Sampling a Pulse Stream Mid Bit When the Clock Frequency Varies

When faced with the task of reading in an asynchronous bit stream (i.e. one without a separate clock pulse line), the best solution is to use an onchip UART peripheral. However, there are many cases where it isn't possible to use a UART, for example:
  • The micro has no UARTS, or the ones it has are already used.
  • The pin can't be assigned to UART receive function - simpler micros have fixed pin functions; even in more complex micros not all pins can be mapped to any function.
  • The base clock doesn't allow for the right UART clock rate with any of the possible divider options.
  • The bit stream doesn't correspond to UART format, for example - more than 9 data bits, Manchester encoding, non-standard number of start and stop bits.
  • The bit stream has a wide variation in pulse width which is outside the UART capabilities (typically 2.2%)

In these cases, the usual approach is to use an edge triggered interrupt to start a timer, measure the start bit, and then use the timer to sample in the middle of all subsequent bits. The success of this approach depends on the variation in the pulse widths and the number of bits in one frame.

To be clear, I am talking about purely digital signals at this point, not taking into account noise, ringing, ground bounce or interference.

The blue "Val" waveform is the original signal, with the orange "SampleWf" spikes showing the sample points, offset by 0.5 vertically to seperate it from the original waveform. Above that is the green "SampledVal" waveform which is how the micro would reconstruct the waveform from the samples, so it includes points before the sampling point in each bit so that we can align the two waveforms to see that they match. The top purple "SampleInPeriod" waveform is high throughout this example, meaning that all the sample points have the correct value. We see this go low when we look at examples with wrong sampling points.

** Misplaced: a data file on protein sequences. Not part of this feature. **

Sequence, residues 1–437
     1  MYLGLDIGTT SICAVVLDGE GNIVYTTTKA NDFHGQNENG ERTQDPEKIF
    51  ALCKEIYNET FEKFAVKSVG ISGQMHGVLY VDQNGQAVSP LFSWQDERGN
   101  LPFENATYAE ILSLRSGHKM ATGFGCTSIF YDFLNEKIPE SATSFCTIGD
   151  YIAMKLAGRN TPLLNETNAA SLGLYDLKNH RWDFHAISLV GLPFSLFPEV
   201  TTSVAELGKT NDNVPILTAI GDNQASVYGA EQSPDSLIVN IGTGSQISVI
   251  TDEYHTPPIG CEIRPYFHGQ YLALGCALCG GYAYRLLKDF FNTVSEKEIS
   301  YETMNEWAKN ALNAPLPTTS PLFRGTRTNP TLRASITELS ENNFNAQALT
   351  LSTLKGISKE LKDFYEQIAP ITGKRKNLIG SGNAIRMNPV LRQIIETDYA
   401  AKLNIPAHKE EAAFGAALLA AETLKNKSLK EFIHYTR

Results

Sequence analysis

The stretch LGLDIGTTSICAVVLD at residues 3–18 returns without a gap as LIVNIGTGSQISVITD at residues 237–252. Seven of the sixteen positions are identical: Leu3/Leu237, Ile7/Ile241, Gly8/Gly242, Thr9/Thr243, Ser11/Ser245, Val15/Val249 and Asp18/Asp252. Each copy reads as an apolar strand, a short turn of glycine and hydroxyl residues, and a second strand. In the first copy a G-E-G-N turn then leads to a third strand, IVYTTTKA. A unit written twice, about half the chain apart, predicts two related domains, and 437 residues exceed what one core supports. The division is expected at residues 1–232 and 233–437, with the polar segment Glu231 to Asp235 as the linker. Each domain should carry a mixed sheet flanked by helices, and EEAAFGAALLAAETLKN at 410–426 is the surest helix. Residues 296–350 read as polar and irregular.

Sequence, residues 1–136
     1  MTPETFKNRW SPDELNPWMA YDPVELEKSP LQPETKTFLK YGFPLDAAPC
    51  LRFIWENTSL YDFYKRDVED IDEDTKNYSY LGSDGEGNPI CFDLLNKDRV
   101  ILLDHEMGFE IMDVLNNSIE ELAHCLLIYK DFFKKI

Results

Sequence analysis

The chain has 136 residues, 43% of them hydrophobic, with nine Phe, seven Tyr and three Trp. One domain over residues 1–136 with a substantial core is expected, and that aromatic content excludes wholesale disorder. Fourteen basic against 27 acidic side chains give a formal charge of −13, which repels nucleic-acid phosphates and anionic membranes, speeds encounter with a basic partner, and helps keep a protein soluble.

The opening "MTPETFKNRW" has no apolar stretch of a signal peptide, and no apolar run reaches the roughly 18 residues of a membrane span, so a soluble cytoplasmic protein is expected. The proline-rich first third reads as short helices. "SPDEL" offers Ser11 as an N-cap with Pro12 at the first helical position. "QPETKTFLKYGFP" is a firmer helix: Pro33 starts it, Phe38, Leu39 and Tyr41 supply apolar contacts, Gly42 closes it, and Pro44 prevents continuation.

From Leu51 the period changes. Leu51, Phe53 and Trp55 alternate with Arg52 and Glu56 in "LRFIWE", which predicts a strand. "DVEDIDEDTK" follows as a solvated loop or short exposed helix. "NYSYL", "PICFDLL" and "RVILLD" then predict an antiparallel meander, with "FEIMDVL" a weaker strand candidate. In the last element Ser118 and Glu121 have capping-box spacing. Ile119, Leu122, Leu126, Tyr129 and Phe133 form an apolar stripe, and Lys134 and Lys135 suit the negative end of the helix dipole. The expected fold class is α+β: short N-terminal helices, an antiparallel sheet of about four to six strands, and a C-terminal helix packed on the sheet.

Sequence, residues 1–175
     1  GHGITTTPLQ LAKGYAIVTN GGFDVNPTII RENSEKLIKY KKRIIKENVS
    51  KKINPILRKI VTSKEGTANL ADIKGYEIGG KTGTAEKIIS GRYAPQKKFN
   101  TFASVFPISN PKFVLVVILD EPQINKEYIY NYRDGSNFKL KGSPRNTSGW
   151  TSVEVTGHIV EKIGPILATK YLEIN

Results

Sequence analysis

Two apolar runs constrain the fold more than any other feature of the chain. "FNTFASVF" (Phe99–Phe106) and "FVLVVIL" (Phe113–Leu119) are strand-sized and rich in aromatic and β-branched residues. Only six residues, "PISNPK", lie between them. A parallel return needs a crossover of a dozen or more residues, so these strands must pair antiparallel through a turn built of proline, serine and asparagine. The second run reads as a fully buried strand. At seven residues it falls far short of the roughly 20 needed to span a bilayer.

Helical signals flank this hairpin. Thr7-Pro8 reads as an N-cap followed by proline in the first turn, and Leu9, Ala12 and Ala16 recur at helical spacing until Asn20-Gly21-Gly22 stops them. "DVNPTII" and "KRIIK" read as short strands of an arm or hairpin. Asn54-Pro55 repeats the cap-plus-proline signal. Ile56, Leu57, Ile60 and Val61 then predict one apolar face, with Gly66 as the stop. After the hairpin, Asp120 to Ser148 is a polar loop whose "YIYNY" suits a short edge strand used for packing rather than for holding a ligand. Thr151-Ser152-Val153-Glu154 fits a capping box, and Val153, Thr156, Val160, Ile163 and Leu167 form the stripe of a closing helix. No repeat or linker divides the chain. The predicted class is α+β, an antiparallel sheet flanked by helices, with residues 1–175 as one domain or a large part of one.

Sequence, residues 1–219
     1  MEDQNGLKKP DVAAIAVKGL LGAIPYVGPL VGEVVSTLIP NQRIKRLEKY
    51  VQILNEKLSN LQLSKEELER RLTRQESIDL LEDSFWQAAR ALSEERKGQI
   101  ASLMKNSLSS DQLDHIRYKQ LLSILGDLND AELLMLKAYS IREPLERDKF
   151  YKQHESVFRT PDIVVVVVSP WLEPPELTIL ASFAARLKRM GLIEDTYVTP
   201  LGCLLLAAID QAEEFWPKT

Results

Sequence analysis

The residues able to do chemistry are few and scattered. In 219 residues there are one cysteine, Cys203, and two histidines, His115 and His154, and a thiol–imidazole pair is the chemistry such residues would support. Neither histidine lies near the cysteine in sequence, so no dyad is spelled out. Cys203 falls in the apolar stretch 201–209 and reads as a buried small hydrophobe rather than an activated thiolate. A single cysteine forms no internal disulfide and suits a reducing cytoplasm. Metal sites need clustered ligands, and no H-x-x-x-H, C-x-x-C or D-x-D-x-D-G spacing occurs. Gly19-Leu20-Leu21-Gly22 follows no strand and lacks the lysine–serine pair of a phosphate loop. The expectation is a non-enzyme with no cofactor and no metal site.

Let's see if we need to measure the start bit, it might be simpler to just use a hardcoded value that we are given for this signal type. Then we would just use the edge triggered interrupt to start the timer, and use a fixed timer interval. It turns out that if we sample at the 50% point, we can only be assured of getting all the bits sampled correctly if there is less than 1% variation in the clock between the bit stream and the sampling clock, for a 32 bit frame.

If there is 2% difference in clocks, sampling at the 50% point only works correctly for the first 24 bits before the sample point has slid off into the next bit. At which point, we get two samples in one bit period when the software is set up to assume each sample is in a different bit period.

Moving the sample point to 75% of the bit time improves this so that all 32 bits are sampled correctly.

You would expect that measuring the start bit would allow for more bits to be sampled correctly at the same clock difference, or equivalently, that more clock difference can be tolerated for the same number of bits. The 2% difference in clocks case with 50% sample point gives us 25 bits correct, so that is only one more bit, a slight improvement.

A significant improvement is always made by sampling further than 50% into the bit time. In practice, using values higher than 95% are likely to lead to problems with jitter in the sampling point taking you into the next bit period randomly.

The conclusion from this is that it is a good idea to keep your bit length short, if you are using this decoding technique, to allow for clock variation. Otherwise you will need to synchronise to the edges more often, such as at every edge or alternate edges, bearing in mind that edges may not appear for long runs in NRZ encoded data.